Figure A shows the part Dfs plays in NT's new directory service solution, called the Active Directory. Brief descriptions of the other key parts of the diagram follow--watch for more details in future issues of the magazine.

Active Directory: Said to combine the best features of DNS and X.500, the Active Directory will store all accounts, groups, domains, security, and so forth.

Browser (DSWeb): The Directory Service Web (DSWeb) interface will let an administrator manage the Active Directory from a Web browser, locally or remotely. DSWeb will receive information from Internet Information Server (IIS), which will service Active Pages (HTML and ActiveX pages created on the fly). IIS will use the Active Service Protocol (ASP) to communicate with the Active Directory.

Microsoft Management Console: Microsoft Management Console (MMC), previously known as Slate, is a framework for management applications. Microsoft and other vendors will provide snap-ins that let NT administrators manage almost any part of NT from this one interface.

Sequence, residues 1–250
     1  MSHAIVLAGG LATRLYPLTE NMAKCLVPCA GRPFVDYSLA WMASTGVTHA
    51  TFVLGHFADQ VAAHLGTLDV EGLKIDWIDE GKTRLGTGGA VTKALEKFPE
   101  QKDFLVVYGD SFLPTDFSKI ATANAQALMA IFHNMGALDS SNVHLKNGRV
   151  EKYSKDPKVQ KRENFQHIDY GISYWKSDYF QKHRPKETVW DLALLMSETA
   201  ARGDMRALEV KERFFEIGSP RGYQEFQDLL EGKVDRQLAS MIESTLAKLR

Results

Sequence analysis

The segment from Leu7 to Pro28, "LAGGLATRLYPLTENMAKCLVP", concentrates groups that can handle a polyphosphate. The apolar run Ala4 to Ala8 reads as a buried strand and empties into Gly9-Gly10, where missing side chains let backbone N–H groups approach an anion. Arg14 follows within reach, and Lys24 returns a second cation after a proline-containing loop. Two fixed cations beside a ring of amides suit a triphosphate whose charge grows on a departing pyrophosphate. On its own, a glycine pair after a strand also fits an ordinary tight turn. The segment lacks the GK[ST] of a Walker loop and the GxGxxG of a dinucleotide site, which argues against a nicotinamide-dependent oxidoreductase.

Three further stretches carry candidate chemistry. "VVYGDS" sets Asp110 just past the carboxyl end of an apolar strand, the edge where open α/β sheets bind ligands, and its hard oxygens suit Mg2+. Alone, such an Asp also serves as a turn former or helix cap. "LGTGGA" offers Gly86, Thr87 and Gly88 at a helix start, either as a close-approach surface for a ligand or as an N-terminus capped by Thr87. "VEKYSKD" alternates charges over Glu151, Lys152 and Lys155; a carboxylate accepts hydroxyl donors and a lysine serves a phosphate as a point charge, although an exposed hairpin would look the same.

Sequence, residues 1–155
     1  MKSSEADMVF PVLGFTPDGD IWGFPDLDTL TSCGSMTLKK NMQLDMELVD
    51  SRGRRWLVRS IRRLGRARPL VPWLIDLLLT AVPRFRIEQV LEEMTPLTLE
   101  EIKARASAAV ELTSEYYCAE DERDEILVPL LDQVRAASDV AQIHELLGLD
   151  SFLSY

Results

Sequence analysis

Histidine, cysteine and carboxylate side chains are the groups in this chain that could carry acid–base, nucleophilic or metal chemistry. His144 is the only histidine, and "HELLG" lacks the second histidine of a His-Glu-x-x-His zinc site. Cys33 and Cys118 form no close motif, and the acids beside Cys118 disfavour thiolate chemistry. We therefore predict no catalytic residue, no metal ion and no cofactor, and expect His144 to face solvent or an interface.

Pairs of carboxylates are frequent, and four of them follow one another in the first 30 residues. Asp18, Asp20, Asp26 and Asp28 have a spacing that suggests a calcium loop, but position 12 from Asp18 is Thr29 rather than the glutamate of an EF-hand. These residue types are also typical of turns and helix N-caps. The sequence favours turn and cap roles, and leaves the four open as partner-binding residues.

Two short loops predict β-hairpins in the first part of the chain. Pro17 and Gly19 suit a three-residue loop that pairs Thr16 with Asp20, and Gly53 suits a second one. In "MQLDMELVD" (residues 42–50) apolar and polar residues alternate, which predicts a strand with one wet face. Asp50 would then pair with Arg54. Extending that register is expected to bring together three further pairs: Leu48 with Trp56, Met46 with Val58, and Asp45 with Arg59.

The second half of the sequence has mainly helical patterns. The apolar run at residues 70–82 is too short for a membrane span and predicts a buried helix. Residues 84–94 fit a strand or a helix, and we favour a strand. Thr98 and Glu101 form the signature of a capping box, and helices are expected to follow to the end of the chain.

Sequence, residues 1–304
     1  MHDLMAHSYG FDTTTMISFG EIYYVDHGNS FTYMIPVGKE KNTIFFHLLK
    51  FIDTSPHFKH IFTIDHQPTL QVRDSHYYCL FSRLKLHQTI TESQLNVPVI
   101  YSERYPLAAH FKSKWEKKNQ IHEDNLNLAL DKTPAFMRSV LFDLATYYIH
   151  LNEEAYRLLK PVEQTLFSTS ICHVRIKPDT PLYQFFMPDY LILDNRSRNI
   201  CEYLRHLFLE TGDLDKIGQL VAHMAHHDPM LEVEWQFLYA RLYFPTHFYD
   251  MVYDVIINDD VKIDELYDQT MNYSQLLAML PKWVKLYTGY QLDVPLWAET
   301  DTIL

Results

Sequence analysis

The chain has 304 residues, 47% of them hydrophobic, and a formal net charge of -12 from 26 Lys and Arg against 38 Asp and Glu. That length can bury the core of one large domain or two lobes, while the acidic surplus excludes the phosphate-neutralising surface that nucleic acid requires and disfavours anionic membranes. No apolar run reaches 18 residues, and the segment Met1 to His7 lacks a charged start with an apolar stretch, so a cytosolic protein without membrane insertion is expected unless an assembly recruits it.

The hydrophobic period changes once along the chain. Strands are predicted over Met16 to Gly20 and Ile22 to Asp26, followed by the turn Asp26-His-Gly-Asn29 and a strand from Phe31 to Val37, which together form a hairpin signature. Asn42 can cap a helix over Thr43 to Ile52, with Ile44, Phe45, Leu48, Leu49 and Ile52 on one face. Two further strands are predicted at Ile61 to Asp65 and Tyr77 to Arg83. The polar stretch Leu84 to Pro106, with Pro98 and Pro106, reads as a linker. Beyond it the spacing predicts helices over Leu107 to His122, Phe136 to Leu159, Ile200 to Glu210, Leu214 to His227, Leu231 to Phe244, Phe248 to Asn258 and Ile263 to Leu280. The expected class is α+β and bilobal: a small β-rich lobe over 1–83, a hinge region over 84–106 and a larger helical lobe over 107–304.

LDAP: Lightweight Directory Access Protocol (LDAP) will let NT's Directory Service (NTDS) talk to any other directory system that supports LDAP through wldap32.dll. This feature also will let the Active Directory manage a non-NT directory service.

FIGURE A:

Where Dfs fits into the Active Directory solution

NT4: The Active Directory will be able to coexist with NT 4's directory service, allowing an easy migration path to the new solution. You will be able to convert your primary domain controller (PDC) to support the new features, but it will appear as a regular PDC to existing backup domain controllers (BDCs) and clients.

NW3 and NW4: The Active Directory will be able to communicate directly with NetWare (NW3, NW4) through NetWare's Core Protocol (NCP).